Ian Thomas Malone

A Connecticut Yogi in King Joffrey's Court

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April 2020

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Clementine Suffers From a Subpar Script and Aimless Narrative

Written by , Posted in Blog, Movie Reviews, Pop Culture

A lake house seems like the perfect place to get away after a bad breakup. Unless your ex happens to own said lake house. Whether or not that’s an inevitable recipe for disaster leaves open soon wiggle room, the kind that Clementine is eager to explore.

Karen (Otmara Marrero), a lesbian in her early thirties, just wants to get away for a while, seeking solitude as she tries to get her affairs in order. Staying at a nearby cabin, the much younger Lana (Sydney Sweeney) seeks companionship, the kind of association born out of a shared sense of isolation. Lana has secrets of her own, but the comforts of solitude offer a kind of deceiving refuge.

Director Lara Gallagher relies almost entirely on her two leads to carry the film. Marrero and Sweeney are competent actresses, but their characters lack the much needed chemistry required to make the story compelling. The narrative loses practically all of its steam as a result.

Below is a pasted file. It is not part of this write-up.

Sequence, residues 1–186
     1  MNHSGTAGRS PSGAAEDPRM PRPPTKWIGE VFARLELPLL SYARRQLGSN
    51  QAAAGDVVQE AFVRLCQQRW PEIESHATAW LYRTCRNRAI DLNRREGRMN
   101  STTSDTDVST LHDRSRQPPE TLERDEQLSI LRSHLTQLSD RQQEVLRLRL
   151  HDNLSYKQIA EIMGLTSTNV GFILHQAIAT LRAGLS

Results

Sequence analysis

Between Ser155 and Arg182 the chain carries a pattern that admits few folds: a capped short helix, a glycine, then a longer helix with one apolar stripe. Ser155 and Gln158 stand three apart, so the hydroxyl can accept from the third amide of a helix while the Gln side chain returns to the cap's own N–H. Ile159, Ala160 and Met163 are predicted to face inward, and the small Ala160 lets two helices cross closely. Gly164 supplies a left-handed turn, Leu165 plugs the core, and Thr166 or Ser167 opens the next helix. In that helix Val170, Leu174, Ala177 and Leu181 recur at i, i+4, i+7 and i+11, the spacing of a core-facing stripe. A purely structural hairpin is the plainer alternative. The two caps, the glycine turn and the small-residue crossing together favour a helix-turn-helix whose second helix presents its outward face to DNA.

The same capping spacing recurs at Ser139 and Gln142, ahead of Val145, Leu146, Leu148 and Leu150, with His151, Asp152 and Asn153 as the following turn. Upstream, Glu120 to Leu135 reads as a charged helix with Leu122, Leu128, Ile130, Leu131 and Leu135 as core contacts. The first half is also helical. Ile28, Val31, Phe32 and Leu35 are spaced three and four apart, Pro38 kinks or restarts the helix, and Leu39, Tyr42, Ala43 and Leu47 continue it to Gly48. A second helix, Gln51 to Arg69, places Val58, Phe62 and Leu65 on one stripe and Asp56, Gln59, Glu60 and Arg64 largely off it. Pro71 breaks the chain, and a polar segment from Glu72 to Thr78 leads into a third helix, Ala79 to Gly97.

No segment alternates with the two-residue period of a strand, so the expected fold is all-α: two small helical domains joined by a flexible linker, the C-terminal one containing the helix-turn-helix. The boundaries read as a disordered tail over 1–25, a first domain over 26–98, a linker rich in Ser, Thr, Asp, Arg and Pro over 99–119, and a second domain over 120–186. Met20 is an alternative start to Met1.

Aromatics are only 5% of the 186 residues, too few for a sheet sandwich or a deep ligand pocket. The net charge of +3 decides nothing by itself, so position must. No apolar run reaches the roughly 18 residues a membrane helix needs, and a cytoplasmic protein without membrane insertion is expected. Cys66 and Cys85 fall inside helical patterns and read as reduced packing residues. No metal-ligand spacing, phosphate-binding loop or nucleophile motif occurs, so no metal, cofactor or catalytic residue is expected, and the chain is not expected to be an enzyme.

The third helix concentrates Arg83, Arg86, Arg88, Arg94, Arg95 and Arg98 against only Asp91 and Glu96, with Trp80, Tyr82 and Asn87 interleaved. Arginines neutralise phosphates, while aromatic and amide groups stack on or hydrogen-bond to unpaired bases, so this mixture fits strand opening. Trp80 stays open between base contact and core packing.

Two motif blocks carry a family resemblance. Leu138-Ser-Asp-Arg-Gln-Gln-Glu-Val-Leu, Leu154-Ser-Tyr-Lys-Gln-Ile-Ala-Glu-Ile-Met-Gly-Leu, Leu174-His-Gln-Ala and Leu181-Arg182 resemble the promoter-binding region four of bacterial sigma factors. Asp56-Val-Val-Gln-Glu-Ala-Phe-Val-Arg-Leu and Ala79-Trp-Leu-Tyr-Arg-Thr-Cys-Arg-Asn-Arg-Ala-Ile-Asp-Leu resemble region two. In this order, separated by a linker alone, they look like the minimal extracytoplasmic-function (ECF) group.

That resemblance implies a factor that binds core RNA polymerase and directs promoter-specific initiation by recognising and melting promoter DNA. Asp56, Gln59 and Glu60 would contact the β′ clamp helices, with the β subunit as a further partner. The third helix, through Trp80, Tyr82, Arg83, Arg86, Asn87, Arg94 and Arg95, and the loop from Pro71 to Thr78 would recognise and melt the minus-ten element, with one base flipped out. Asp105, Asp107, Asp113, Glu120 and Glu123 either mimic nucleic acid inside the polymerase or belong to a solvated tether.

The script doesn’t do the film any favors either. Gallagher sticks to quiet, minimalistic dialogue that does come across as quite realistic. The trouble with this dynamic lies in where it’s aiming its attentions, often the pseudo-philosophical musings of a stoned teenage girl. Sweeney is more than capable of delivering these lines in a manner that sounds authentic, but she can’t do much to make it sound interesting.

With a reliance on camcorders and landlines, Clementine often feels like a period piece. The absence of cell phones and other distracting forms of technology help heighten the tension, drawing the two leads together in the absence of much else to bide their time. Gallagher does a good job with the film’s aesthetics, an intimate setting where the kind of romance she hopes to kindle could believably take place.

Clementine gets by on the strength of its leads for a while, but the weak script and thin narrative let all of the air out long before the credits roll. There’s a lot to be explored in the realm of gay breakups, which haven’t received much attention from filmmakers. For a while, Gallagher keeps the intrigue up, but it’s not sustainable. Even worse, the third act possesses a plot twist that basically feels like a cheap stunt.

Intrigue isn’t worth much when it’s forced to run on fumes. Clementine is far more boring than it has any right to be. A fascinating premise that’s competently crafted, the film’s script undercuts its potential. A real shame.

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